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|Title:||HIV/AIDS prevention behaviour amongst youngsters of Cape Verdean origin living in Portugal|
|Publisher:||ISEG - CEsA|
|Citation:||Évora, Iolanda. 2011. "HIV/AIDS prevention behaviour amongst youngsters of Cape Verdean origin living in Portugal". Comunicação apresentada na EASA - European Association of Social Anthropologists : 9th Biennial Conference, Bristol, United kingdom|
|Abstract:||This paper deals with the preventive AIDS behaviour of youngsters of Cape Verdean origin living in Lisbon. It focuses on the group practices and representations of AIDS and gender oriented sexual behaviour. Based on an ongoing research project, the paper argues how AIDS has the potential to become another discriminatory factor in a group already racially and socially stigmatized. This research aims to understand the relation between what young people know about HIV/AIDS and their active prevention behaviour. In addition, it explores how the immigration context may interfere in their behaviour and opinions towards HIV/AIDS and in the practices considered the safest ones to adopt. Therefore, this research is amongst those that aim to ground HIV/AIDS health education proposals on a clear understanding of how different populations or groups conceive their own healthcare. For that purpose, we selected a sample of young people from Cape Verdean origin presently living in Portugal, born in or outside of Cape Verde. Both genders were equally present (8 men and 7 women), aged between 16 and 26 and living in council estates, in other words, housing built on council's urban redevelopment projects to relocate people from the slums. The areas of interest were chosen for presenting a high number of Cape Verdeans or their descendents: Lisbon, the Greater Lisbon and Loulé. We presuppose that belonging to these areas implies a particular social and economical context; for, although debatable, the definition of 'council relocation housings' conveys, to a great extent, a social categorization applied by a system of social classification to immigrants in Portugal. Accordingly, we considered eventual repercussions on the youngsters' social experience and on their material and symbolic existential conditions, upon which rely daily decisions concerning health and prevention. A qualitative methodology of data collection was adopted, to allow an exhaustive explanatory study and the identification of several perceptual and behavioural patterns. Such methodology, developed by Rodrigues (1978,1999), is the most adequate to reach 'irrational' content - denomination commonly applied in Social Sciences to factors that "exist, but cannot be apprehended by reason" (Rodrigues, 1999, p.4). As the author refers, it is about reaching "that which cannot be measured, but is worthy of being known", more specifically, the emotional content and deeper meaning of youth's explanations regarding HIV/AIDS prevention behaviour. Thorough individual interviews were carried out, aiming to collect a material able to reveal the representations, the type of perception, the explanatory resources used, the justifications produced according to the roles occupied within a certain group, particularly, their position regarding immigration and HIV/AIDS. By using self-examination (free discourse), we were able to identify main areas of interest and concern, their importance, how they interrelate with their life and the surrounding world. Moreover, aiming to identify exactly how the interviewees place the AIDS issue within their life concerns. Intermediary Questions enable us to explore HIV/AIDS issues relevant to the project, though not spontaneously raised by the youngster during the Free Discourse approach. The Socioeconomic Questionnaire enabled an understanding of the life conditions of this group in Portugal, as well as of their family history. Today we shall discuss here the subject of family migration in its different phases and by each individual.|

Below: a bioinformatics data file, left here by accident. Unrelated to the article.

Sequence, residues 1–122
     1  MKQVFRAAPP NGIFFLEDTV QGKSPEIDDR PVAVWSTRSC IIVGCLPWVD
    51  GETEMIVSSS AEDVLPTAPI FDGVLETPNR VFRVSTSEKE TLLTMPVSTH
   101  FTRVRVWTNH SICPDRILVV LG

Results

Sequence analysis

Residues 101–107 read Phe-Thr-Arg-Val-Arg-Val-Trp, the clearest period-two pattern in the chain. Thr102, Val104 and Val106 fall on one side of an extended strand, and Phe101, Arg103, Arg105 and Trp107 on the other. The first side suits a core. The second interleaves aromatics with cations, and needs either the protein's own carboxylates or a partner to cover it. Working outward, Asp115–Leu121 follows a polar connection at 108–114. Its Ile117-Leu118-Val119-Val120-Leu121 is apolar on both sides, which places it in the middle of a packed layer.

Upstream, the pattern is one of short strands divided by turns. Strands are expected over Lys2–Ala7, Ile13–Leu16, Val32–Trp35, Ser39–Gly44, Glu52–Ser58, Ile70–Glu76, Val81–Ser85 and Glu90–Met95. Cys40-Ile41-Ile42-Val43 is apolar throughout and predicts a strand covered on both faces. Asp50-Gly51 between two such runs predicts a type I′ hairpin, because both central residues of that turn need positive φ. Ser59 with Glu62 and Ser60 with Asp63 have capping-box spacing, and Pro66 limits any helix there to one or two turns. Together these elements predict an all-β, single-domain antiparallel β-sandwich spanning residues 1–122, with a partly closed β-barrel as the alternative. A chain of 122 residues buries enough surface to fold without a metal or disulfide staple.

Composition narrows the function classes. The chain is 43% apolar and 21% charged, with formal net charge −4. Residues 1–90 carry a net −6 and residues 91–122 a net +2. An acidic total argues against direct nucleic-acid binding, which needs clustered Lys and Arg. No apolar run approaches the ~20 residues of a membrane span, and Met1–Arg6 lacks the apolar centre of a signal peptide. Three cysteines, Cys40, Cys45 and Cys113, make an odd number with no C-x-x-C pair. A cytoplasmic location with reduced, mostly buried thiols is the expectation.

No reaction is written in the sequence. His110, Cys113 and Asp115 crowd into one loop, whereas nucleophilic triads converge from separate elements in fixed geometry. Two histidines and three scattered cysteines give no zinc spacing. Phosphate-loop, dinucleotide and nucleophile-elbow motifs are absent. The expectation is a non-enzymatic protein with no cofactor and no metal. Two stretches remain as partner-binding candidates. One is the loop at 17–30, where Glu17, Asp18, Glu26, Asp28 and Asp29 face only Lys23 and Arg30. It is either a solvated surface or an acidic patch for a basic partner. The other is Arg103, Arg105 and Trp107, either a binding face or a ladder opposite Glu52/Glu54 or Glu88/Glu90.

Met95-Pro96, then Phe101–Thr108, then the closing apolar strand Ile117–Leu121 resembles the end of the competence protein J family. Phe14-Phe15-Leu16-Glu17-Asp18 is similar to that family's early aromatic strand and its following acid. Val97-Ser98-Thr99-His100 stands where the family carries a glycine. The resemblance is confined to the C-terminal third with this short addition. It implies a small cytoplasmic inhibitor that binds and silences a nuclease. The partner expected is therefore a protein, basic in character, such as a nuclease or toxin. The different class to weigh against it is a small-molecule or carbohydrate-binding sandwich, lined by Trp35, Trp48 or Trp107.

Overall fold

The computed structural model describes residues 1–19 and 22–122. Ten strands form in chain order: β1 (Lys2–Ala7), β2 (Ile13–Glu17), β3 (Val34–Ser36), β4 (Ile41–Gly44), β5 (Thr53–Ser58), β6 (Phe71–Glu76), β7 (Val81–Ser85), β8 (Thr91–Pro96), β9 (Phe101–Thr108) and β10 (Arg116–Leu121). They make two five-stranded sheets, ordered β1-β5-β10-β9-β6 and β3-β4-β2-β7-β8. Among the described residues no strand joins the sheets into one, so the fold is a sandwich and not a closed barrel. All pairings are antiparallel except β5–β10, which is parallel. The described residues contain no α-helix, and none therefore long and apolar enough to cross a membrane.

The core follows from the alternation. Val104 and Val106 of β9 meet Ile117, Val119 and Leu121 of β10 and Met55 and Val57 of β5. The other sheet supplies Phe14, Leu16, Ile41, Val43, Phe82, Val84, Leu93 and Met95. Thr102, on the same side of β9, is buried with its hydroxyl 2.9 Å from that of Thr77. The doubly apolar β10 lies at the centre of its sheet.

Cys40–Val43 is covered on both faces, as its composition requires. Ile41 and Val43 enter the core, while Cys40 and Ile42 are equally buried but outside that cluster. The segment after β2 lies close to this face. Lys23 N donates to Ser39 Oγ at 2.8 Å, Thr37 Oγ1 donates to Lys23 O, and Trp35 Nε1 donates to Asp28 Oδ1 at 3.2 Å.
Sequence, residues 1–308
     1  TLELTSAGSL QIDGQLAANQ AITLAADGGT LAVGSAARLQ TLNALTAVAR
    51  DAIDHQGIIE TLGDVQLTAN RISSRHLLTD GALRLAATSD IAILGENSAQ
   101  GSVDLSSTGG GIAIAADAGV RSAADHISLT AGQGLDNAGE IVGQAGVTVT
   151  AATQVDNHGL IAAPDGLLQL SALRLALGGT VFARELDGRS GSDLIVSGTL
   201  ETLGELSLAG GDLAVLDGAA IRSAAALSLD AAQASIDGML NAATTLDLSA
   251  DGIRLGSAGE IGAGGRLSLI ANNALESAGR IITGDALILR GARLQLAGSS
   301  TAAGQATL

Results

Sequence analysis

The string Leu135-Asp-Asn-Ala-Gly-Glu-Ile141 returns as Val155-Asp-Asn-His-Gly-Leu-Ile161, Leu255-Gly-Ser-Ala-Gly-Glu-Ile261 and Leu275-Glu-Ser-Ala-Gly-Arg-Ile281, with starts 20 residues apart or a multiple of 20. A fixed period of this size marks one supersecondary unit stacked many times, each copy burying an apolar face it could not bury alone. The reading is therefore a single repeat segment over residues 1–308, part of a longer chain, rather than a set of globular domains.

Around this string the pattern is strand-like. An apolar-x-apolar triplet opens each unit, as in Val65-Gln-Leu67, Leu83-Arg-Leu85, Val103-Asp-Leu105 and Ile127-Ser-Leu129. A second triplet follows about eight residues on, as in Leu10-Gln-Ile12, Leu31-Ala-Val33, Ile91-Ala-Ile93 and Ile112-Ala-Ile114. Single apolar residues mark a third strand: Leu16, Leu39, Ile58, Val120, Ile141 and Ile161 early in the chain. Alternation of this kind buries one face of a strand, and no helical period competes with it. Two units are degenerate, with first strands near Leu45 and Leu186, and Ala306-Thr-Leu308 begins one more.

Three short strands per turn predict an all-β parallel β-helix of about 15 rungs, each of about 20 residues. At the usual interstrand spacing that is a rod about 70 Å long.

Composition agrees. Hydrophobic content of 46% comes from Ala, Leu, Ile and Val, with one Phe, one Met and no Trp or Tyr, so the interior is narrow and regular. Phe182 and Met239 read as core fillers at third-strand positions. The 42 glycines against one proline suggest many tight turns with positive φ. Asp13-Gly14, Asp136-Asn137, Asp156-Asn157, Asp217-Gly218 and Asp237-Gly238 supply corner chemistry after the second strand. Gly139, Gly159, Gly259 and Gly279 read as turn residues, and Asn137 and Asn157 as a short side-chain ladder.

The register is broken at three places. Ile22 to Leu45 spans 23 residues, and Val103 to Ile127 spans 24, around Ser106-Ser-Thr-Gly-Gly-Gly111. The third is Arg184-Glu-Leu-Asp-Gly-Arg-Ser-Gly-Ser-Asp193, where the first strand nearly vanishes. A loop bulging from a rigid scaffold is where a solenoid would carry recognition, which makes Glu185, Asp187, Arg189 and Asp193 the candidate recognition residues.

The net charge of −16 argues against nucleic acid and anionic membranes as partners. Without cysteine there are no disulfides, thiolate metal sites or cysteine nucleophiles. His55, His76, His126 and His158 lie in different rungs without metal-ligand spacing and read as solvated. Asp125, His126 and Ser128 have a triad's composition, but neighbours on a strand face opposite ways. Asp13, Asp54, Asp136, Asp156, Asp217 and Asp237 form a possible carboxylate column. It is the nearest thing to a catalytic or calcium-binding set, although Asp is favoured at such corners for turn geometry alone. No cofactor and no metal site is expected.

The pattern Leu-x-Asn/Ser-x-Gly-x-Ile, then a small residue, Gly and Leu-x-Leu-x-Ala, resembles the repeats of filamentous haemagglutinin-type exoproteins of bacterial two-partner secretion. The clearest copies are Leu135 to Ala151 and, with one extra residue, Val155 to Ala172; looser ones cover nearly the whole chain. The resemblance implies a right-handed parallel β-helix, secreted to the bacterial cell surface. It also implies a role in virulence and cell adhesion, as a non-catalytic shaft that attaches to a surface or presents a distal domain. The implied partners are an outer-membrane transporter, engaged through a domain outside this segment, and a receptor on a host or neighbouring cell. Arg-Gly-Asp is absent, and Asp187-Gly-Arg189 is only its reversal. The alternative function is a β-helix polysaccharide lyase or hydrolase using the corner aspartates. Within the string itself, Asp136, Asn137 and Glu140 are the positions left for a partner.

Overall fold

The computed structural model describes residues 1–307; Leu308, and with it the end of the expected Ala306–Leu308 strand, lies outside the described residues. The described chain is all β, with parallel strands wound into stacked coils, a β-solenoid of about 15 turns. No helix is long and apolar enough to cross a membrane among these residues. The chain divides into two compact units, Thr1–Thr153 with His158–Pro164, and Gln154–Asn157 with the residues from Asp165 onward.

|Description:||Comunicação apresentada na EASA - European Association of Social Anthropologists 9th Biennial conference, Bristol, UK, 18th-21st September 2006|
|Appears in Collections:||CEsA - Comunicações em Actas de conferências / CEsA - Conference documents|
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